The Apple iPhone not only transformed mobile computing, but humanity's relationship with technology in general. It led the movement to make handheld slabs of metal and software an integral part of our identities and our daily lives—for better or worse. To celebrate the 10-year anniversary of the launch of the first iPhone, Apple is expected to announce a special edition of its flagship smartphone on Tuesday at an event at the new Steve Jobs Theater in its Apple Park headquarters.
As expected, Apple unveiled its 10th anniversary iPhone on Tuesday. After years of incremental—sometimes underwhelming—updates to the iPhone, the new iPhone X sports a series of bleeding edge innovations in what Apple called "The future of the smartphone." From its laptop-level performance with a 6-core processor to a nearly edge-to-edge OLED screen to Face ID login to an AR-enabled infrared camera, the iPhone X leaps forward in ways that its competitors are destined to emulate.
You may have heard the phrase, "data is the new oil." It's actually a pretty good metaphor because oil doesn't have any value on its own, it has to be refined into something like gasoline or plastic. Similarly, we're all inundated with a ton of data, but that data has to be refined into business insights in order to have real value. As a result, we're going to look at how big data drives digital transformation. As a phrase, big data gets overused and abused by marketers.
Muck Rack makes it simple to find people, tweets, or articles that mention any name, keyword, company, hashtag etc. We've compiled this guide to help you make the most of your search.
Selecting a term
Start searching tweets, articles from media outlets, articles mentioned in tweets, journalists'
names, titles and bios with some suggested searches:
Companies or Topics (e.g. iPhone, Microsoft)
Phrases (e.g. "cloud computing") — use quotes to keep the terms together
Twitter handles (e.g. @username) — returns those who have mentioned or replied to
Names (e.g. "David Pogue")
Hashtags (e.g. #sxsw, #london2012)
Bio details (e.g. vegan, Olympics, father)
Muck Rack's Advanced Search allows for many boolean operators.
Find results that mention multiple specified terms, use AND or
+. For example, ensure each result contains both Elon Musk and Mark Zuckerberg by
searching Obama AND Romney or Obama + Romney.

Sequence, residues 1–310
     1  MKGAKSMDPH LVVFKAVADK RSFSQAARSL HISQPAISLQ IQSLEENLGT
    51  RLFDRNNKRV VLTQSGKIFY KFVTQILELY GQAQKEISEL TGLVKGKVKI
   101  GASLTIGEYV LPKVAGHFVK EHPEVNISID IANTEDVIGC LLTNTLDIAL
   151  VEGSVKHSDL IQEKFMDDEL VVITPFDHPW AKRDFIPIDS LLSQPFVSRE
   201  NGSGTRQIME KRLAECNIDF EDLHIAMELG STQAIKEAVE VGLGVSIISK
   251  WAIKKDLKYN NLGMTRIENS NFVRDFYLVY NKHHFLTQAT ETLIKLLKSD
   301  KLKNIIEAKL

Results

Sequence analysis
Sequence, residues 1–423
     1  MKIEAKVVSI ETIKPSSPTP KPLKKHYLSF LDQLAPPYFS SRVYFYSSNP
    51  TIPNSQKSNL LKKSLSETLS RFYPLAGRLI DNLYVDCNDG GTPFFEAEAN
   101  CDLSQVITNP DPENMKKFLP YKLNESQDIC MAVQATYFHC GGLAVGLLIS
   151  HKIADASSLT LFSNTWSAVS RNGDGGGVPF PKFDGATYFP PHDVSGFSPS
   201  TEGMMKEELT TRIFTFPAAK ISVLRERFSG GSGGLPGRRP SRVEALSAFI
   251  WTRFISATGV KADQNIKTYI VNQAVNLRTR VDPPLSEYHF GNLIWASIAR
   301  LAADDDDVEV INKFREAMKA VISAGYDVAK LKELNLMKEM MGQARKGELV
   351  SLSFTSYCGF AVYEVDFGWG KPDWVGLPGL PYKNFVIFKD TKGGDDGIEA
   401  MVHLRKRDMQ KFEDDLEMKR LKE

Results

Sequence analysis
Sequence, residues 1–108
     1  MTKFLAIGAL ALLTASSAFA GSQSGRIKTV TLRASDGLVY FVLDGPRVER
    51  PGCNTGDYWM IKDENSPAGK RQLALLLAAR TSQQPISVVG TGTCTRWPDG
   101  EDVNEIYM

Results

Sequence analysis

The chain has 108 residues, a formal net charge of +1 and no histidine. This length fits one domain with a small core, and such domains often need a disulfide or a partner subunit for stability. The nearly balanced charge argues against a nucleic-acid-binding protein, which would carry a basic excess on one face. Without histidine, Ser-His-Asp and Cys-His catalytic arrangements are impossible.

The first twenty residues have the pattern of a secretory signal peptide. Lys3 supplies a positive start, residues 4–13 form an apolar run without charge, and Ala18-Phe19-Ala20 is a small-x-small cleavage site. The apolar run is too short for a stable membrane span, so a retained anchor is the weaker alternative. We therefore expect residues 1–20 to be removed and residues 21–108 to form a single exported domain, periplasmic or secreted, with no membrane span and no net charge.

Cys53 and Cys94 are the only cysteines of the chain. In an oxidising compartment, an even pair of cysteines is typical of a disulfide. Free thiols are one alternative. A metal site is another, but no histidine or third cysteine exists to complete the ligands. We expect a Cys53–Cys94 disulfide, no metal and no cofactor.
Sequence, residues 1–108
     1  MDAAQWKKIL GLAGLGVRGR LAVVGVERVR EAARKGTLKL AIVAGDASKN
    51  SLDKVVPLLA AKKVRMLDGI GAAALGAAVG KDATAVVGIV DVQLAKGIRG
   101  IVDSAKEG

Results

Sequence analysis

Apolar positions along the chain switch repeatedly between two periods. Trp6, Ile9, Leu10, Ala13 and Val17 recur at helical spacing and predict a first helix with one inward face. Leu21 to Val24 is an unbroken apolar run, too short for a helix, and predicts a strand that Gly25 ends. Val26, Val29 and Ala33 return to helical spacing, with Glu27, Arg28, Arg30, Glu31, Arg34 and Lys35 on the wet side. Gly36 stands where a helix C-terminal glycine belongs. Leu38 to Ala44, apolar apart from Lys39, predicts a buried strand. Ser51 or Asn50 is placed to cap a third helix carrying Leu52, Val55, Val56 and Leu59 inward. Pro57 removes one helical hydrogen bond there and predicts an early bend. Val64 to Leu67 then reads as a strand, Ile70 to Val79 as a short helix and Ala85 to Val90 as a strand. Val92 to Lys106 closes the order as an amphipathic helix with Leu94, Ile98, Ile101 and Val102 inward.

Use the operators OR or , to broaden your search when you'd like either of
multiple terms to appear in results. (This is the default behavior of our search when no operators
are used.) For example, search for democrat OR republican to find results that refer to
Democrats and/or Republicans.
Use NOT or - to subtract results from your search. For
example, searching Disney will yield results about the Walt Disney Company as well as Walt Disney
World Resort. To exclude mentions of Disney World, search for Disney -World or Disney
When using one of these operators with a phrase, enclose it in quotation marks. For example, you can
find results about smartphones excluding Apple's iPhone 4S by searching smartphone -"iPhone
Exact case matching or punctuation
If you're searching for a brand name or keyword that relies on specific punctuation marks or capitalization, you can
find results that match your exact query by adding matchcase: before the keyword you're searching for, like matchcase:E*TRADE .
Use parentheses to separate multiple
boolean phrases. For example, to find journalists talking about having fun in Disney World or
Disneyland, search for ("disney world" OR disneyland) AND fun.
An asterisk can be used to search for any variation of a root word truncated by the asterisk. For example, searching for admin* will return results for administrator, administration, administer, administered, etc.
A near operator is an AND operator where you can control the distance between the words. You can vary the distance the near operation uses by adding a forward slash and number (between 0-99) such as strawberries NEAR/10 "whipped cream", which means the strawberries must exist within 10 words of "whipped cream".